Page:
“We have no problem with getting more money into the pockets of our members.
That’s what we’re about. We’re a union. It’s the Newark Teachers Union. A lot of people forget that. No, I’m not the parents union. I’m not the taxpayers union. I’m not the children’s union. The children in this city got more advocates than you can throw a…They got the [Advocates for Children of New Jersey], they got the Education Law Center, they got the parents and the other thing. Everyone and their mother in this city is an advocate for the children.
Wherever there’s a child in this city, one of my members is within three feet of that kid. You think I want any harm to come to that child? No, because the collateral damage will hit the teacher.”
Charming, right? That’s Newark Teachers Union President John Abeigon giving you a crystal-clear peek at his priorities: adults over schoolchildren.
Not that there’s anything wrong with that. Look, I come from a big union family. My mom and dad of blessed memory were proud UFT members (the New York City branch of the American Federation of Teachers). My sisters and I grew up worshiping Albert Shanker, president of the AFT from 1964-1985. I still know every word to Woody Guthrie’s “There Once Was A Union Maid.”
But there’s a line, right? Even union aficionados like my parents might find Abeigon’s rhetoric a bit overblown, his actions a bit dodgy, his dismissal of the needs of Newark schoolchildren and the choices of their parents a bit cavalier and at odds with NTU’s claim of progressivism.
Whatever. He’s entitled to opinions (even though during the 2016 union elections he received just 452 votes out of 4,000 eligible members). But is he in the position of giving Governor Phil Murphy edicts on the role of charter schools in Newark that now serve about 35 percent of students? I vote “no.” Nonetheless, on April lst he did just that, citing this error-ridden North Jersey series, claiming the charter school system is “totally out of control,” and suggesting scrapping public school choice entirely. (See his letter to Murphy at the bottom of this post.)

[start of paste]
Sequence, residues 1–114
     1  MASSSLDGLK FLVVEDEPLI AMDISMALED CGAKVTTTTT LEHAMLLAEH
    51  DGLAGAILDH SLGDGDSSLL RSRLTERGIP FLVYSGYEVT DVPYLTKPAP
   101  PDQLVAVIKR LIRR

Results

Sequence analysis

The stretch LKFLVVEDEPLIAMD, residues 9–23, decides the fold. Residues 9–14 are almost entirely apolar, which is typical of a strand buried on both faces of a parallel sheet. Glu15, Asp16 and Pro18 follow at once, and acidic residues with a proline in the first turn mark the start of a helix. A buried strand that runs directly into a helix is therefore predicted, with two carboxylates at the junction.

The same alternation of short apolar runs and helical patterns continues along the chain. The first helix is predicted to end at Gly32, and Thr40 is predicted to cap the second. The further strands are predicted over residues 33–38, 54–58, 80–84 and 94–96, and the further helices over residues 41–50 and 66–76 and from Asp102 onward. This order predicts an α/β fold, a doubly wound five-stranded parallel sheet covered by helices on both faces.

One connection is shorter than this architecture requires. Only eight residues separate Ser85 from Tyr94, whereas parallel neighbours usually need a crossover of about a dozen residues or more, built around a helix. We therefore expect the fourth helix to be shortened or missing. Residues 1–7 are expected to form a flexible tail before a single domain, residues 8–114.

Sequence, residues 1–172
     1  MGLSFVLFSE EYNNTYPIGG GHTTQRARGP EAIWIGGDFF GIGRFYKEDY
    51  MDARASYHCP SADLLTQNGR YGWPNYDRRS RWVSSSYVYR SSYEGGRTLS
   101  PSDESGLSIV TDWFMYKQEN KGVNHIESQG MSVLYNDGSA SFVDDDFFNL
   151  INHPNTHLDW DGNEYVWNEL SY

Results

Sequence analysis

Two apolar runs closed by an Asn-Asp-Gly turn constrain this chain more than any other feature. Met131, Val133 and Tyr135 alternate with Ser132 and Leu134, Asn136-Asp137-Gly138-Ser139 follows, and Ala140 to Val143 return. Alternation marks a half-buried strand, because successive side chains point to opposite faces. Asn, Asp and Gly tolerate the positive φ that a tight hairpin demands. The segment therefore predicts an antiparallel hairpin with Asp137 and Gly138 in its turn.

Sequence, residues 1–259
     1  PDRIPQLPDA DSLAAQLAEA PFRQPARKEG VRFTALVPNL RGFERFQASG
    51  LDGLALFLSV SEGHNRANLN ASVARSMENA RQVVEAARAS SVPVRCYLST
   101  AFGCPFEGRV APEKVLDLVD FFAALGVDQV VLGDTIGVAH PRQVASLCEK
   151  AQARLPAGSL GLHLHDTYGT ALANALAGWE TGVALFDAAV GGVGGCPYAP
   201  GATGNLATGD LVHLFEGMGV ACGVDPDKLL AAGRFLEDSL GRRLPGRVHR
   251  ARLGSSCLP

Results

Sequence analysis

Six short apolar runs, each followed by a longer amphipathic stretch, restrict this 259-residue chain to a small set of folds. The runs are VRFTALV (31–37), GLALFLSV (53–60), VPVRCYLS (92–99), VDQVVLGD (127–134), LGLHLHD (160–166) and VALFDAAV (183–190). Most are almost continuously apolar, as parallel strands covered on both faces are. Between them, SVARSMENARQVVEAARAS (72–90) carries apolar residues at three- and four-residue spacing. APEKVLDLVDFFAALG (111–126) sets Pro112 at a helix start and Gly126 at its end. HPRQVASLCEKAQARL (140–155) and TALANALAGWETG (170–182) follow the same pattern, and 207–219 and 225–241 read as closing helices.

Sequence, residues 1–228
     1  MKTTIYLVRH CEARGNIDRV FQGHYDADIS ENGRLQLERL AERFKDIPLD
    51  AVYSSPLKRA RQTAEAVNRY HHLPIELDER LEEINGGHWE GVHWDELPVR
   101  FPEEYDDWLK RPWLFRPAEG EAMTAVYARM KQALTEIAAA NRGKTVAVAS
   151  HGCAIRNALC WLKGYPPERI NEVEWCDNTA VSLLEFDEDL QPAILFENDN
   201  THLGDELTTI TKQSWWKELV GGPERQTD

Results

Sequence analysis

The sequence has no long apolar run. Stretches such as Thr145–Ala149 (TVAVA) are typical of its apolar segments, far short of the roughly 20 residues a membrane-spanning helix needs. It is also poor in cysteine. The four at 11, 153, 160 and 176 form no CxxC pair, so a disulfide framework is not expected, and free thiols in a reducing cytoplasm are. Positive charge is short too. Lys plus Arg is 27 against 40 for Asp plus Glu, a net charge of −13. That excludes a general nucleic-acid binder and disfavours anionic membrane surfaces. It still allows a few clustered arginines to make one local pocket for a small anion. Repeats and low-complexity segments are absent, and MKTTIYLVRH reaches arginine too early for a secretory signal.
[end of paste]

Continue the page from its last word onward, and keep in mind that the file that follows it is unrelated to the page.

As he’s told us himself in an interview with Chalkbeat (from which the opening quote was taken) he sees his role as defending grown-ups, not kids. As I said, that’s fine. But as a public service — to Gov. Murphy and anyone else vulnerable to Abeigon’s counsel — let’s dig a little deeper into the union president’s philosophy and where his loyalties lie.
Let’s start with this: the guy suffers from no false modesty. In the same interview he preaches that when superintendents are “right, it’s because they listened to us, and when they’re wrong, it’s because they didn’t.” He’s transparent about his view that economically-disadvantaged children can’t be held to the same standards as children from wealthier families, explaining that teachers “don’t expect the same results in the same amount of time.” When the interviewer asks him about Newark Superintendent Roger Leon’s intention to collaborate with the charter sector, Abeigon replies, “[t]here’s nothing we can share. I disagree with him on that.” And how does he feel about Newark’s charter sector more generally? “Anyone associated with education reform or the corporate-charter school agenda,” scolds Abeigon, “needs to be identified, isolated, and let go. I would push Roger that anyone in the administrative sector who was hired by Cami [Anderson] or [Chris] Cerf be terminated immediately.”
Okay, got it: He’ll counsel Newark’s new superintendent to fire administrators who understand that Newark’s charter school sector is a prized and permanent portion of Newark’s public education landscape. He’s advising Murphy in the letter to take “millions of tax payer [sic] dollars” from the charter sector and give more money “to the traditional public schools who so desperately need them.”
But what does he have to say about the white teacher at Newark’s prestigious (and traditional) Science Park High School who this past Halloween wore a mask of Barack Obama – which some parents and students regarded as blackface — accessorized with a MAGA hat and a black T-shirt with the words “Don’t Be A” with a picture of a snowflake? Should he be “isolated and let go” like those “associated with education reform”?
Not at all. Apparently Abeigon believes that unfettered racism is a perfect fit for a district that almost exclusively serves students of color. Said Abeigon about the teacher (who faced no disciplinary action), “He’s already apologized if he’s offended anyone — but he shouldn’t need to apologize. It’s the United States of America and we should value opinions whether we agree with them or not.”
Said one Science Park eleventh-grader, “I just thought, ‘Why is no one punishing him for this?’”
And I have my own questions, actually too many for one blogpost. So I’ll restrain myself to two items: Abeigon and NTU’s practice of protecting bad teachers by funding lawyers who (mostly) get them off on technicalities (seems like NJ’s tenure reform isn’t working so well) and Abeigon’s extra-curricular activities.
Here are three teachers (click the teacher’s name for the court documents) who were brought up on tenure charges while Abeigon has ruled the NTU roost: